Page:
Bold Decisions that defined Film Animation

Background note: This whole post was inspired by a comment by probrown1896, “Wall-E’s first dialogue-less 40 minutes are the finest 40 minutes in film animation, ever.”


This got me thinking “Was it?… I know it’s up there in the finest moments of film animation, but finest “ever”?… I racked my thoughts to see if I could think of a better sequence. Like probrown stated,  I could “come up with dope scenes/sequences but I can’t think of 40 straight minutes.”

Then late last night it hit me what was wrong with my thinking. It was the “40 straight minutes” line  that got me tripped up. I was trying to come up with ONLY 40 minutes, and I believe that its not fair to judge films on snippets and sequences. For example, even though Wall-E‘s first half was SPECTACULAR, honestly the 2nd half was less than inspiring, the movie was still great mind you, but still I had to take into account the film as whole. Compared to say Nausicaa, which didn’t have the long awe-inspiring sequence, but was a little bit stronger and more consistent as whole. But all this is subjective (like all the reviews we do), so I tried to flip the script and make this objective. Here’s my attempt:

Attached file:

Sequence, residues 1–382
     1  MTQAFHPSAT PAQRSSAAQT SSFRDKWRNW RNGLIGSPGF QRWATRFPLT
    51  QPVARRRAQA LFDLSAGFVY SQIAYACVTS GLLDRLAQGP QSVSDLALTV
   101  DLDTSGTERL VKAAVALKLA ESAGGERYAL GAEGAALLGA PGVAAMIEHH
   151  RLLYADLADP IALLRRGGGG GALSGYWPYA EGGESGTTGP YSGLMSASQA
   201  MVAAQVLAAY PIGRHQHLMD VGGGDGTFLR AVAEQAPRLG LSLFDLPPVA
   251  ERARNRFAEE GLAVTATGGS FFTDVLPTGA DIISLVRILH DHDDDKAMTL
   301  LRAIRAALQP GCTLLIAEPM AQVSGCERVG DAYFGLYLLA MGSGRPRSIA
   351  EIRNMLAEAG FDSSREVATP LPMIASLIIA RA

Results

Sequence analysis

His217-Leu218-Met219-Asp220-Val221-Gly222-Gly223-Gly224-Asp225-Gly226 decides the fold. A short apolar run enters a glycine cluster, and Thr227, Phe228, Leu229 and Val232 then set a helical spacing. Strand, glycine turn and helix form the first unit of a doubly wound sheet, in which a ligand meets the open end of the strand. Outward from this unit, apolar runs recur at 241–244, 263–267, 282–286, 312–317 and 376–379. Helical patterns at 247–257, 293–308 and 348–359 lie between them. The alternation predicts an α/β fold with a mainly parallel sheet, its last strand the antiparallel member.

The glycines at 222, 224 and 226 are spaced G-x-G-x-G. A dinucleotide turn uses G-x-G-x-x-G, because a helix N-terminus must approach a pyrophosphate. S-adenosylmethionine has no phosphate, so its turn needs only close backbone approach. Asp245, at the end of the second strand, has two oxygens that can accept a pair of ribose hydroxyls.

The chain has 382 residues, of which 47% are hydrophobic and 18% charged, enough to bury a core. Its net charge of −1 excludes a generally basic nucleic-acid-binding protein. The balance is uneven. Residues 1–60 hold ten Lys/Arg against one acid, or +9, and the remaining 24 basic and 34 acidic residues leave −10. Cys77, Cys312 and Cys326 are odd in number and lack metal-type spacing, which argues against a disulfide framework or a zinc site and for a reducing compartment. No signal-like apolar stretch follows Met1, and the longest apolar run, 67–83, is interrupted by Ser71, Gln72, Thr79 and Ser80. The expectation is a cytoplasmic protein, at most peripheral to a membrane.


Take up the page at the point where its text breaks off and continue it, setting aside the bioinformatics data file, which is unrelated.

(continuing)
I went back and re-watched the sequence from Wall-E, still good as ever btw. Looking back though, it really  wasn’t “40 straight minutes.” There were more moments that stuck out more than the all-out 40 minutes. And apparently, even though, animation wise, it was still technically good, crisp, and posed well, Kung-Fu Panda was even more crisp, more fluid, and more well thought out in terms of animation (according to some animation students and teachers I asked) hence the reason why KFP won all the Annie Awards and Wall-E got nothing

So what made those first 40 minutes of Wall-E so memorable and one of the finest moments in film animation? Continue reading

American Akira

Akira, an “anime” movie made back in 1988 and directed by Katsuhiro Otomo. It is heralded as “one of the greatest animated movies of all-time,” and credited for ushering in this current era of “anime.” Without a doubt, the high quality of animation combined with adult themes and a complex (maybe too complex) storyline, has not only set this movie apart from other animated films, but also set a precedence for cartoons being considered “art.”

Akira deserves its own post (which will come in the future), however, this post deals with the  scenario of “what if Akira was made (or remade) in America?” Check the video for the (hilarious) results:

A live-action movie is in the works. Warner Bros. has picked up the license. Leonardo Dicaprio is set to produce (and maybe star), and Joseph Gordon Levitt set to play Tetsuo. Slated to come out in 2011…

My Take: ( *sigh*…shakes head in disappointment)…